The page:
Why did I chose Polymer? Because it will be “gone”…

Now before anyone react, I would like to say that I really love developing web apps using Polymer. But I also know that my love for it will not last and I know it will be “gone”. Here’s why…

Polymer’s mission is to promote the use and creation of web components: modularized and customized HTML tags that are created by developers for developers. It’s mandate is to #usetheplatform.

Unlike other more popular frameworks like Angular and React, Polymer, for me, is not a framework. It is more of a library, much like jQuery. In essence, Polymer just allows you to create web components easier by sprinkling additional functional sugars to make life easier for developers.

And for my recent projects, I choose to invest my resources and time to learn and develop using Polymer. To give you a brief background of my web developer journey, I started with jQuery in manipulating DOM elements. After that, I discovered Angular around 2013 and switched to it, ditching jQuery. I used MEAN stack as my default stack. At around 2015, I discovered Meteor JS (A full-stack framework) and quickly fell in love with its DDP (Distributed-Data Protocol) without the explicit use of web sockets (or Socket IO). At that time, it uses Blaze as its front-end. So I switched from Angular to Blaze. When Meteor JS switched its front-end framework from Blaze to React JS, I also switched from Blaze to React JS. When I discovered Firebase, I switched to just React JS that is bundled using Webpack. And then Polymer became production ready with the release of 1.0 and the addition of Progressive Web Apps as part of its building process.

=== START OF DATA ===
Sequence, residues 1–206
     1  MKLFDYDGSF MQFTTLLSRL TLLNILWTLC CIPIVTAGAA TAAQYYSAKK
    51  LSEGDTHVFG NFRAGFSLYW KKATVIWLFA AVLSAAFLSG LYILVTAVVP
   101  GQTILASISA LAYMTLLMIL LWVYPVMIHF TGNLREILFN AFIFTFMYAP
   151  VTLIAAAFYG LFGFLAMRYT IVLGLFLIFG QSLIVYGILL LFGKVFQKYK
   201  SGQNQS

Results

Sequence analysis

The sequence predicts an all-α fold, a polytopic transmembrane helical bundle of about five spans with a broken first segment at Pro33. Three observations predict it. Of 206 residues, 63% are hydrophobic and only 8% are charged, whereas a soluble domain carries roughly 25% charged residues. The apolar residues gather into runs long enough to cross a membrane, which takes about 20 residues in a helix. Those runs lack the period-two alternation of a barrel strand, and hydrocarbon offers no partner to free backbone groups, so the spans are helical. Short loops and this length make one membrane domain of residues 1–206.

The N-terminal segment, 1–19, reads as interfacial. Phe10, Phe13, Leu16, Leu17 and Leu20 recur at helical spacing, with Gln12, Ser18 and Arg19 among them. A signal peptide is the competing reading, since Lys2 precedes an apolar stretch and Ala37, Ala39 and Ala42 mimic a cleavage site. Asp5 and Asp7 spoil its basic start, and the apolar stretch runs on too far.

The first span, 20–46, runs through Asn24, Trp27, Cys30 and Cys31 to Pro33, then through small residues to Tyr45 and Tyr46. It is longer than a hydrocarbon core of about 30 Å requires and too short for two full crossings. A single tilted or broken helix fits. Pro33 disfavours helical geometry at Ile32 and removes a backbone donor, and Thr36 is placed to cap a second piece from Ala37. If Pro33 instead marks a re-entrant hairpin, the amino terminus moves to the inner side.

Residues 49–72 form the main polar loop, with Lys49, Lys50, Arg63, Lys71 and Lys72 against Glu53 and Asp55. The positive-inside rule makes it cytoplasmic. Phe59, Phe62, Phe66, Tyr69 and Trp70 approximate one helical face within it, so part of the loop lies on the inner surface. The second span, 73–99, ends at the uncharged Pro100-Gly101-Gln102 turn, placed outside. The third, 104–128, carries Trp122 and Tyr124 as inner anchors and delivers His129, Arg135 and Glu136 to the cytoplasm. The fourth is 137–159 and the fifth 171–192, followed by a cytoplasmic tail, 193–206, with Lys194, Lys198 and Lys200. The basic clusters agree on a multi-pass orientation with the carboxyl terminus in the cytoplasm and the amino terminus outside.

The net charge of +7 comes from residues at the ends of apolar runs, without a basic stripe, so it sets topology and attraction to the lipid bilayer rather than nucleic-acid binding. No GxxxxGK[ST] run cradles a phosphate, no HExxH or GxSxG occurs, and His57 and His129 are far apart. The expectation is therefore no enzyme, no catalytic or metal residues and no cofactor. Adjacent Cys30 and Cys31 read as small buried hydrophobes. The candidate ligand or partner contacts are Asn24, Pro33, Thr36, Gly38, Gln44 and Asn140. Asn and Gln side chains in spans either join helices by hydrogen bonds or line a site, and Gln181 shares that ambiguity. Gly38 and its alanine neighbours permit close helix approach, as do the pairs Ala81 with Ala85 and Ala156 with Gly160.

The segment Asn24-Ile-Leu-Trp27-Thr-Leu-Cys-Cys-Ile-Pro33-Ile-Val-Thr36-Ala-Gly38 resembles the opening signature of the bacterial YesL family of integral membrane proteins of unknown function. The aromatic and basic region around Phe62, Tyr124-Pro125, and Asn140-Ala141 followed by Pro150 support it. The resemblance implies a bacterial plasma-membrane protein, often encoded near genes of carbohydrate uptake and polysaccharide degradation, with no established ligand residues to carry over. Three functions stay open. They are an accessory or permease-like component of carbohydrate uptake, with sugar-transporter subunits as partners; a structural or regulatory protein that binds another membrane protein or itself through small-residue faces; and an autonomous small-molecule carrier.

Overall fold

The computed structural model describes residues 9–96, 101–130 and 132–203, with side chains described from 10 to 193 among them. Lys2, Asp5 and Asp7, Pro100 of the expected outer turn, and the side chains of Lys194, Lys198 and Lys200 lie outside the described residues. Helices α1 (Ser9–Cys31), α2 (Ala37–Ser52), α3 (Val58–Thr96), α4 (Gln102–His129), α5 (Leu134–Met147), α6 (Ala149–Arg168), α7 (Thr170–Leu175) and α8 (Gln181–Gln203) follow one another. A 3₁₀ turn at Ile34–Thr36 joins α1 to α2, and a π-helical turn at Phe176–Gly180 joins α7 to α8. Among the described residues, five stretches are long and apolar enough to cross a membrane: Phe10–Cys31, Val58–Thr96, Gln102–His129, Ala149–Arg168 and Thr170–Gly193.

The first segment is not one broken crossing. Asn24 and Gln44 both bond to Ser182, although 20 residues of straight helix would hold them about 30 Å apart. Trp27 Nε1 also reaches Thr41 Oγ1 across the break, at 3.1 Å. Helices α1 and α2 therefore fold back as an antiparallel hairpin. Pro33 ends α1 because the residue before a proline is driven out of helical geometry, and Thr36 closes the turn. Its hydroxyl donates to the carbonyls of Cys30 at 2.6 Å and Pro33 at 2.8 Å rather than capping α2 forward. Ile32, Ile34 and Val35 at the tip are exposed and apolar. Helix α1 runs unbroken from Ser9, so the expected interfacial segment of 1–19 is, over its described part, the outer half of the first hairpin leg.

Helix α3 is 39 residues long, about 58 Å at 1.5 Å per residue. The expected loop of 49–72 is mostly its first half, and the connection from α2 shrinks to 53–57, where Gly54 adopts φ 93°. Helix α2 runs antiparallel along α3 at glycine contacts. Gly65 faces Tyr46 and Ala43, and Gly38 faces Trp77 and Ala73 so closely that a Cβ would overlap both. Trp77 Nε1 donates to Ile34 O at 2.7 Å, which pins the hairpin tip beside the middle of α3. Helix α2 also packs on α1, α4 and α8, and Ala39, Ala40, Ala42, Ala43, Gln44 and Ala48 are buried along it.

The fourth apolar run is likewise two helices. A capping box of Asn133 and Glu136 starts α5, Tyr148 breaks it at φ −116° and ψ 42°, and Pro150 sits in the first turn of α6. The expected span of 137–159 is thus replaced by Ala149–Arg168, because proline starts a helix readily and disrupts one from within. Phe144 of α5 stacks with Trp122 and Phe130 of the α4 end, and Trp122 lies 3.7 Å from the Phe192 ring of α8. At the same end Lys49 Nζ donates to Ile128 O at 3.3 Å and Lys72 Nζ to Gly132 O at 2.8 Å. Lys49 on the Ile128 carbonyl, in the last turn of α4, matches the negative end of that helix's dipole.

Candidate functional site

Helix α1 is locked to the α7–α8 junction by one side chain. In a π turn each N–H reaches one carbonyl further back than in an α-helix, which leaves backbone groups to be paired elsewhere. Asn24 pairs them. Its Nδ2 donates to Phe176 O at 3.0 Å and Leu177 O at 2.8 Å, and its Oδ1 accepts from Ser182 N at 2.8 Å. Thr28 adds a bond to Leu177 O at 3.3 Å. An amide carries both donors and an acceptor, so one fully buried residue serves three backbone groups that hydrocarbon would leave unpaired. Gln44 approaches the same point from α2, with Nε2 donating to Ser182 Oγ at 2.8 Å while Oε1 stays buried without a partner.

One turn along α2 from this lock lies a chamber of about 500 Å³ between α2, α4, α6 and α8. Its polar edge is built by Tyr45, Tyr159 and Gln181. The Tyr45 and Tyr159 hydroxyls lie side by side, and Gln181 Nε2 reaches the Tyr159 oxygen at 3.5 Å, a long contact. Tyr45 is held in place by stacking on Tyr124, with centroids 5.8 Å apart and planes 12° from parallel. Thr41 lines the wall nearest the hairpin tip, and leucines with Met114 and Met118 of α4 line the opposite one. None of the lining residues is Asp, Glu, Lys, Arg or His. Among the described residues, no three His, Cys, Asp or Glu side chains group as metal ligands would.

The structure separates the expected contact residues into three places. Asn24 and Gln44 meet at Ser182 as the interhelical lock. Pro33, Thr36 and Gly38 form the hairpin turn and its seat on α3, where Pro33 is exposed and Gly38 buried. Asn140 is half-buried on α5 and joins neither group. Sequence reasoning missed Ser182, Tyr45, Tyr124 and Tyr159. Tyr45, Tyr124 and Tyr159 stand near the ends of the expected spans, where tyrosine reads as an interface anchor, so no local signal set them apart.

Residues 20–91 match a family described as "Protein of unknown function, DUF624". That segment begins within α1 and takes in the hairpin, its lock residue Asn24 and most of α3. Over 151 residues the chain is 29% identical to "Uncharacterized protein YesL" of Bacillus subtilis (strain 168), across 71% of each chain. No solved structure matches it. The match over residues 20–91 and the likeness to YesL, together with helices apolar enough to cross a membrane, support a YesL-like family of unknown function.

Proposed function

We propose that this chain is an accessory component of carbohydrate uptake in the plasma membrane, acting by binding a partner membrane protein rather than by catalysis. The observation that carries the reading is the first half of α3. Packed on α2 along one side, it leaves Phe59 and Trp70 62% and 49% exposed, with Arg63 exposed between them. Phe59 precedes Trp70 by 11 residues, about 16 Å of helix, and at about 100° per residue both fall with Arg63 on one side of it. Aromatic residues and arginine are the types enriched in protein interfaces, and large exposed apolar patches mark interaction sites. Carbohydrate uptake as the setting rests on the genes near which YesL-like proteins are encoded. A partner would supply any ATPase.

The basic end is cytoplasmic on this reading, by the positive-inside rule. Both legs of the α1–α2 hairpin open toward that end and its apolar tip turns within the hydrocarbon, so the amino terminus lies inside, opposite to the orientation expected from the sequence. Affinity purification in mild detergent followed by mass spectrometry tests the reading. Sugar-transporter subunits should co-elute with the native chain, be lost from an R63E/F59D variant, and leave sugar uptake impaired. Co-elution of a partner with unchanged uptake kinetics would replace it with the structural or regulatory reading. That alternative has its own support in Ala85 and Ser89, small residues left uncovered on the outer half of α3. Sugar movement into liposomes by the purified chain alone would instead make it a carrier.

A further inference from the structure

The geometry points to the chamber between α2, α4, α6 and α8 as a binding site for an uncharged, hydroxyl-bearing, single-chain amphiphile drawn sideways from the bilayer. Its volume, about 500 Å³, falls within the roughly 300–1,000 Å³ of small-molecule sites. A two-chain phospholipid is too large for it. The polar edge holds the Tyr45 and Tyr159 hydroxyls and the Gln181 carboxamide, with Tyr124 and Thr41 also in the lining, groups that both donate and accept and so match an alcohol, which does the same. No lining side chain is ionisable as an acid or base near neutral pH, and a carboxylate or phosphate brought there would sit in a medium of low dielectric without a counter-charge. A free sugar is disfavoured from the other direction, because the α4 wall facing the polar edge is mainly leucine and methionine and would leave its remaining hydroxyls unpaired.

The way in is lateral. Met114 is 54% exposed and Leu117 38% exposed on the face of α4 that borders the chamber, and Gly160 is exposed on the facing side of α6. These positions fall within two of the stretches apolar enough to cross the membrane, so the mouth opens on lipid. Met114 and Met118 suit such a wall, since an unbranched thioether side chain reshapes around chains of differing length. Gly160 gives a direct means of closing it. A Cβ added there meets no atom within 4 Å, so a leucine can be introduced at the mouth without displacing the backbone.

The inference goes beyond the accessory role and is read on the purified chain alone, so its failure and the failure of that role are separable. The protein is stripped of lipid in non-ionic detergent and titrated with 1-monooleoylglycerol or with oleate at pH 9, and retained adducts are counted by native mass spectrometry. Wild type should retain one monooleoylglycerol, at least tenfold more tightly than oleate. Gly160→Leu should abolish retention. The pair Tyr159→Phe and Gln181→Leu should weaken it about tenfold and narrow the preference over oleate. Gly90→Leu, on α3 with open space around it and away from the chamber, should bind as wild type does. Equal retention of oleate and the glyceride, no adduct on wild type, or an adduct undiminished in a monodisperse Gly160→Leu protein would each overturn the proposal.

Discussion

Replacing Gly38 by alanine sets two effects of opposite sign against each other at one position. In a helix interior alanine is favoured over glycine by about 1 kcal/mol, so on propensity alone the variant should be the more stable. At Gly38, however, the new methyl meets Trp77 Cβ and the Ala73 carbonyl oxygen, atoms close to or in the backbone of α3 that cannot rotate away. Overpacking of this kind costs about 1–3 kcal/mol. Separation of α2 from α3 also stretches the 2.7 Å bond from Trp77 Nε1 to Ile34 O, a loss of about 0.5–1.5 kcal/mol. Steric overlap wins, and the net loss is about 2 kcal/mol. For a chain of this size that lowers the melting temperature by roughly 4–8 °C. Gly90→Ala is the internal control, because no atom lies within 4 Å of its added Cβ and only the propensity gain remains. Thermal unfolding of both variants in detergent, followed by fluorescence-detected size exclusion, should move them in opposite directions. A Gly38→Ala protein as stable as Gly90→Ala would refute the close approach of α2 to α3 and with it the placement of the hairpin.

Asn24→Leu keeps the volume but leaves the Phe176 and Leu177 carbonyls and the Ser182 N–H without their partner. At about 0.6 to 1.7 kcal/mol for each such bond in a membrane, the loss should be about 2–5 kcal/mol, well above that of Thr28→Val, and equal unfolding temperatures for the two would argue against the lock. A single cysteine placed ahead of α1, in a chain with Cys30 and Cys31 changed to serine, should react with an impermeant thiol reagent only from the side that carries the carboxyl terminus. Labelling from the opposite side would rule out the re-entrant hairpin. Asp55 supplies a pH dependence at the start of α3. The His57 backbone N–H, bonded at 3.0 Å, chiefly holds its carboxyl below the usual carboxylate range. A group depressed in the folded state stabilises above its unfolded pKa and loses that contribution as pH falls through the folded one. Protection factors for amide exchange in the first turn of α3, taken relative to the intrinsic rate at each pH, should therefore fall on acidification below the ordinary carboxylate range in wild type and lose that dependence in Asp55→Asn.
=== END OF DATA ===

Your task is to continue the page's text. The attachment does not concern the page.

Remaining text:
Given that, a lot of people I meet asked me why I chose Polymer. Surely, React is more popular. A lot of companies are still looking Angular developers for their legacy systems. Why would I go for something that is not popular and is not being looked at by a lot of companies? Besides, even if Polymer was created by people from Google, why should I prefer it over than Angular, which is also created by people from Google, and has a more established following? And why would Google invest on Polymer if it already has Angular?

In addition to above, a friend of mine told me that Polymer will be gone because of the question above. And I actually agree with him, but not because Google will ditch Polymer over Angular. I agree to the part that Polymer will not “last”. But I am still sticking to it as my default or go to front-end development library.

So why do I say that it will be “gone”? And why would I stick to something that will not “last”?

It is because of this: #UseThePlatform.

Unlike the other web libraries like jQuery and frameworks like Angular and React, Polymer promotes the use of the original framework/platform of the web: the browser.

The browser already has the tools that you need to create dynamic, custom, and modular web components without the need of additional build tools to compile or mirror the DOM tree for DOM manipulation. The power to create is just extend the capabilities of HTMLElement, and you can create your own web components.